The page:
Bird beaks are complex and vary from species to species, based on feeding habits. This vital organ is made up of bone, vascular layers, Keratin, and dermis and continually grows. Keratin is the same protein found in fingernails, hooves and horns, so you can get an idea of how beak growth occurs. A bird’s beak can grow from 1 to 3 inches per year, depending on the species. The part of the beak closest to the bird’s head contains nerve endings and blood supply, while the tip of the beak is more like a fingernail and doesn’t feel pain.
The bird naturally keeps growth in check by wearing down the beak through normal activities like feeding, grooming, chewing, using the beak for climbing and rubbing the beak. It’s generally thought that a healthy bird will wear down the new growth of the beak so that it always looks the same.
Birds can have an overgrown beak as a result of limited activity, but it can also be a sign of trauma, abnormal development, nutritional deficiencies, liver disease or virus in certain species. An overgrown beak can be trimmed using a Dremel tool, clippers or scissors, and care must be taken to not trim too much, causing pain and bleeding.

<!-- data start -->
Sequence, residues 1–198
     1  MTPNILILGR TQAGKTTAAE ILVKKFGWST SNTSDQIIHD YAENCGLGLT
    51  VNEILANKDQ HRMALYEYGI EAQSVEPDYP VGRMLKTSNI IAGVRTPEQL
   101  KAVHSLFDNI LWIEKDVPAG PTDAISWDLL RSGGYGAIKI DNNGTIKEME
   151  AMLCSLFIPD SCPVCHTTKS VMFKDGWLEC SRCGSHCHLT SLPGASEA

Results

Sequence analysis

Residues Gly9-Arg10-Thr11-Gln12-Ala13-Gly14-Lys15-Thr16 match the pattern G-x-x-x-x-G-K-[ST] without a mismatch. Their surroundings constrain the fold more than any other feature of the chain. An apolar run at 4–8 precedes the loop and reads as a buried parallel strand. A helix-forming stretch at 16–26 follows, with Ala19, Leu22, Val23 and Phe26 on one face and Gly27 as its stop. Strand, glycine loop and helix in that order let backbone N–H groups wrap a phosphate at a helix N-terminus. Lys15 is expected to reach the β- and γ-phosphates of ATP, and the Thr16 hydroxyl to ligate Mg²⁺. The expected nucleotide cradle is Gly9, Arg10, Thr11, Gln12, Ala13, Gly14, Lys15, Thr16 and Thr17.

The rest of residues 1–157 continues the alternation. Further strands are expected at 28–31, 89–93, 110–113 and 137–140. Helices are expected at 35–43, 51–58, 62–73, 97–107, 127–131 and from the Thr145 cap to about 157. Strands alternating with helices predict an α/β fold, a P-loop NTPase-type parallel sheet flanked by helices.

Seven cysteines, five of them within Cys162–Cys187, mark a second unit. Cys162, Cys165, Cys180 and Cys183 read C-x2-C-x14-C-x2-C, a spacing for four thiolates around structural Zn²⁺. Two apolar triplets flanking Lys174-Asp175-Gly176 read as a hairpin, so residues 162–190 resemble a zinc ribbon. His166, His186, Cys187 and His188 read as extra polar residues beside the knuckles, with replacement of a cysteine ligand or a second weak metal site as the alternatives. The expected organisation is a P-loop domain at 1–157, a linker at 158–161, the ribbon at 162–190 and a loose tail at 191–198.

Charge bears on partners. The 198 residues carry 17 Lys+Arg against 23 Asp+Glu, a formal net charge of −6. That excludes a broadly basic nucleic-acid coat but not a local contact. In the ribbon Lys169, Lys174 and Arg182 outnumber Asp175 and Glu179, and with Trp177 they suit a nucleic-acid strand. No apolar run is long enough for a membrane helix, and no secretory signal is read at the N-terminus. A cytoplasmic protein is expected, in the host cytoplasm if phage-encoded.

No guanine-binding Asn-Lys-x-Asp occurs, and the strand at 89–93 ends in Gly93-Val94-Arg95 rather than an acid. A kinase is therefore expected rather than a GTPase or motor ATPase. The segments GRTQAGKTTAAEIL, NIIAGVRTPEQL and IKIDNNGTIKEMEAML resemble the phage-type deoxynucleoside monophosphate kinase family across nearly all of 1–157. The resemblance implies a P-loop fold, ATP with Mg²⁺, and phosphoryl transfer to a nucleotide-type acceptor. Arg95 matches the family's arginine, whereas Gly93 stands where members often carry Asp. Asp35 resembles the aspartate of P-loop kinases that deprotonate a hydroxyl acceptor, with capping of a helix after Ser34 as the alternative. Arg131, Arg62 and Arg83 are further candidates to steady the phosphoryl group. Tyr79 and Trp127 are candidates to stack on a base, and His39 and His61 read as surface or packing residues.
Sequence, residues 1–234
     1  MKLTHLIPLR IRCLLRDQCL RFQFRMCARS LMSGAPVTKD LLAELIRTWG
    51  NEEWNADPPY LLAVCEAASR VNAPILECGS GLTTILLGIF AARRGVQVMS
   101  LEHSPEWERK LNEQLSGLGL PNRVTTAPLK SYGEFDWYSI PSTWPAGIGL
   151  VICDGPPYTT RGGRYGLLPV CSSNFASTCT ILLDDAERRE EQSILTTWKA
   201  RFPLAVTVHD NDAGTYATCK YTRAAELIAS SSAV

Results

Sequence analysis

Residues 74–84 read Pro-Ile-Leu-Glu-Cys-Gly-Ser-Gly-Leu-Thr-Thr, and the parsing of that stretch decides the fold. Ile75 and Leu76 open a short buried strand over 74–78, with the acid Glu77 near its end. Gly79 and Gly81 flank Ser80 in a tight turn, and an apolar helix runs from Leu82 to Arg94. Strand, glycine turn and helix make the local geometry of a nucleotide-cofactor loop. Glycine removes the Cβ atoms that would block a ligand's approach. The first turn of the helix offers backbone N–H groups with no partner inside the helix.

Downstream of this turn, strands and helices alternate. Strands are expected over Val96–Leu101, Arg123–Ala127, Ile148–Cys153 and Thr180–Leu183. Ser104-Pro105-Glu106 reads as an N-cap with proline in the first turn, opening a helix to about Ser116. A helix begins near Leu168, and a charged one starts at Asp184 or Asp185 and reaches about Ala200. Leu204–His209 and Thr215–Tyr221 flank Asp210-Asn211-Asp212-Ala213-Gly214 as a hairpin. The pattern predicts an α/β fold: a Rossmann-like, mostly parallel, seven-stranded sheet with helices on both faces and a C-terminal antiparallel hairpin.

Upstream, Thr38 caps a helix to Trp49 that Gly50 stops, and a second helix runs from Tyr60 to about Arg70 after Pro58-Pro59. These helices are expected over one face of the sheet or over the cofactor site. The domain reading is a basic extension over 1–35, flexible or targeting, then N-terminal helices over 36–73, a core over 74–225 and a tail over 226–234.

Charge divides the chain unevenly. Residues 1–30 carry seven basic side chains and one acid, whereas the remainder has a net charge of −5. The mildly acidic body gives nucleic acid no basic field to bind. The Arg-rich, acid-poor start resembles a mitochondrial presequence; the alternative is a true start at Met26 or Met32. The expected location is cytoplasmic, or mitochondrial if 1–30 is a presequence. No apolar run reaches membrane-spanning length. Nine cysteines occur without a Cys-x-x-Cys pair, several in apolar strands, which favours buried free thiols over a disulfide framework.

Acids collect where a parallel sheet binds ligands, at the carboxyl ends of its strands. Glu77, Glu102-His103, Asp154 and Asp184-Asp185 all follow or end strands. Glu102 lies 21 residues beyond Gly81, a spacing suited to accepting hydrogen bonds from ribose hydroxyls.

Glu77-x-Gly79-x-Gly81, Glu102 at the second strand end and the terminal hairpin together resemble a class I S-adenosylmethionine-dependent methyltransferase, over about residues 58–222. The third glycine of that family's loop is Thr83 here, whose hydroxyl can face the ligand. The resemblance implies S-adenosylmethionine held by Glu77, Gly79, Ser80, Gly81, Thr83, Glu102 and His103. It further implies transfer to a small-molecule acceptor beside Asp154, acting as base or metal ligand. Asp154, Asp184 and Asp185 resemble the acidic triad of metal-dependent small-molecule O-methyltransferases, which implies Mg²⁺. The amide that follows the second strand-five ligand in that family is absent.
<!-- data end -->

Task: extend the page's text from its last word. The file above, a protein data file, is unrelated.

Pet bird owners can promote healthy beaks by providing birds with proper nutrition, pet bird chewing toys and perches to rub the beak on. Bird owners should keep an eye on the beak and look for cracks, lesions, discoloration and overgrowth. Please consult a veterinarian or avian specialist for guidance about any abnormalities of the beak.